Note that it’s a great idea to get your child on board with using these controls – discussing with them that they are age and experience appropriate, and letting them know that the use of these tools can be reviewed and changed as they get older. 

Talk openly with your kids (and get involved!)

As noted in point two, talking with your kids, and getting them on board with ensuring their own online safety, is the key here. Your child should know that they can always talk to you about something they’re unsure of online, and they should also know the responsible online behaviour you expect of them (see point four). Encouraging kids to think critically about what they read and see online and teaching them about the public and permanent nature of internet interactions gives them the power to make their own sound – and safe – decisions.

One way to have these open and supportive discussions is to get involved in your kids’ online experiences – talk about their favourite games or apps, take turns to play, and chat about the risks of the internet while you’re there in the midst of it. Talk to your kids about what you think is appropriate – and remind them that this may be different for other families.

Set some ground rules (and be prepared to stick to them!)

What these rules entail will be unique to your family and should also be tailored to the ages of your children. Some things to consider, though, include:

  • the amount time of spent online (or using devices in any manner)
  • where in the house online access can occur (common areas only, for instance)
  • the type of apps that can be accessed or websites that can be visited
  • any definite no-nos when it comes to online interactions (such as never posting or trading personal pictures, never revealing personal information, only being ‘friends’ with people you already know offline, and always telling a trusted adult about any online communication that was odd or scary).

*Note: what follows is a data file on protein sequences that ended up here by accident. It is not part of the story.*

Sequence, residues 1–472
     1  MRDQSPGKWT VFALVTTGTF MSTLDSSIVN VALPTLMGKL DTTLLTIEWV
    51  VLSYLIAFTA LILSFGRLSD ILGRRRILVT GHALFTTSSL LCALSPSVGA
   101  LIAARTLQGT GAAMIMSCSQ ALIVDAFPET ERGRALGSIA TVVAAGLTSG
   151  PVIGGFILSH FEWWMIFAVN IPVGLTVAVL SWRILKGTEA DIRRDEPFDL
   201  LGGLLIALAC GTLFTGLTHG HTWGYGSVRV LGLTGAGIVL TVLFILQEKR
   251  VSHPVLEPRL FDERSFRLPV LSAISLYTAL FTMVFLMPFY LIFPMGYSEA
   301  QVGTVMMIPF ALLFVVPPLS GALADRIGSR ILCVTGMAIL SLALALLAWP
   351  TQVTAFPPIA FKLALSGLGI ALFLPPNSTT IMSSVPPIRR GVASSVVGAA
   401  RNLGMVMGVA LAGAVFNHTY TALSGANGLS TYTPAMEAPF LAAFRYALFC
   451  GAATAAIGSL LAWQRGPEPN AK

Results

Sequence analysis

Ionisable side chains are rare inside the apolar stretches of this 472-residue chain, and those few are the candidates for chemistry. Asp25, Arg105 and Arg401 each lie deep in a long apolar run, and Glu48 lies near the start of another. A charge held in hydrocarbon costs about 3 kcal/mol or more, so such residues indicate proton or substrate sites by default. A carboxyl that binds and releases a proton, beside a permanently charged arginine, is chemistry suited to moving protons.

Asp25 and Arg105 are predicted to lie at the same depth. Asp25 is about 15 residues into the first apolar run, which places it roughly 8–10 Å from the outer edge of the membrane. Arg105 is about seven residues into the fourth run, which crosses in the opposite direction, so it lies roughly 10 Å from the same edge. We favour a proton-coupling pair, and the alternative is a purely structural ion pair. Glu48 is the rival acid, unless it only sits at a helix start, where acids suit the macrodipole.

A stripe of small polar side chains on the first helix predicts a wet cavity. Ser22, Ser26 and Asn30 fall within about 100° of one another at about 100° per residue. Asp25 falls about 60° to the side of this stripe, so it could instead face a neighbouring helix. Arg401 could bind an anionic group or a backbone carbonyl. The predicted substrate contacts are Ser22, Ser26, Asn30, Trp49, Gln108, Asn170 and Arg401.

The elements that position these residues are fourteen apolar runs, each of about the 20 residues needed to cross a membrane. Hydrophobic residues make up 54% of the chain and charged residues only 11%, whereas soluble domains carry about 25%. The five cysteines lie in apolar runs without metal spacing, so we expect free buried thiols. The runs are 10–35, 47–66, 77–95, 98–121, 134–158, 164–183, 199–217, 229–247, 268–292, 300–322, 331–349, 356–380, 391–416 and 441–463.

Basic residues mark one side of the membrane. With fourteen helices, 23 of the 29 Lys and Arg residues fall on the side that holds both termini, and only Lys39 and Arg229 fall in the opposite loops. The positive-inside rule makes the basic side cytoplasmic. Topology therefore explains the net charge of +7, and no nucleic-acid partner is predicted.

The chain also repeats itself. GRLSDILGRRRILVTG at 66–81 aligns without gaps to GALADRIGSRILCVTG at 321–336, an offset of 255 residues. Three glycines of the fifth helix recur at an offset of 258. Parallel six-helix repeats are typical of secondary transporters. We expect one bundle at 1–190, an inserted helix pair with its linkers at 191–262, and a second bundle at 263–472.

Remember: the consequences for breaking these ground rules should be clear and discussed as a family so that everyone knows where they stand.

Lead by example

Okay, so we all know this one is the hardest, but consider making some rules for the parents too! This might include not looking at your phone during ‘family hours’ and/or switching off work alerts during the same. Don’t be a ‘do as I say, not what I do’ parent!

Need more help? Talk to the Geelong cyber-security experts

Remember, these conversations with your kids aren’t about creating anxieties in your child or preventing them from accessing the many entertainment and educational benefits of the online world. The real end goal here is to give your children the knowledge and skills to use this incredible tool in a responsible and safe manner.

For more information about keeping your children safe online, check out the government’s eSafety website for parents. The helpful team at Geelong Technology Group are also here with plenty of online and cybersecurity experience – don’t hesitate to give us a call on 1300 GET GTG (1300 438 484) or drop by our store at 166 Francis Street, Belmont if you need some further advice or tech assistance.

network

Setting up your small business computer network

When it comes to setting up a small business, there are literally hundreds, if not thousands, of decisions to make. One of the most important is what your computer network will look like, and how it will operate. Functionality and simplicity should be key drivers in all of your networking decisions – whether you are just starting out or looking to update your existing network to meet the growth requirements of your business.

Part 1: Assess your requirements (now and into the future)

So, at the moment there’s just the three of you (or five, or 10) – and you know you need a network to share access to the internet and company printers, and to files from one another’s computers. If you add staff in the next six or 12 or 18 months, will your office and your proposed network have the space to accommodate them? Thinking and planning ahead may save a lot of time, effort and money down the track.

Part 2: Decide on your networking needs

When it comes to networking, the main choices are wired, wireless or hybrid:

Wired networks have great advantages in terms of reliability, speed and security, but installation can be tricky depending on the physical layout of your office – ethernet cables will need to be installed, and once they’re in place the location of your devices is (relatively) set in stone. Understanding your business floor plan and mapping out your hardware and equipment is incredibly important if you’re going to go with wired technology.

Wireless networks are the option of choice for many businesses because of their greater flexibility. No cables mean you are free to wander the office with your laptop – working from the couch or the lunchroom table as you please. No cables also means lower installation costs. Wireless technology, however, is often slower than wired tech, and can be affected by physical interference (walls, pipes etc).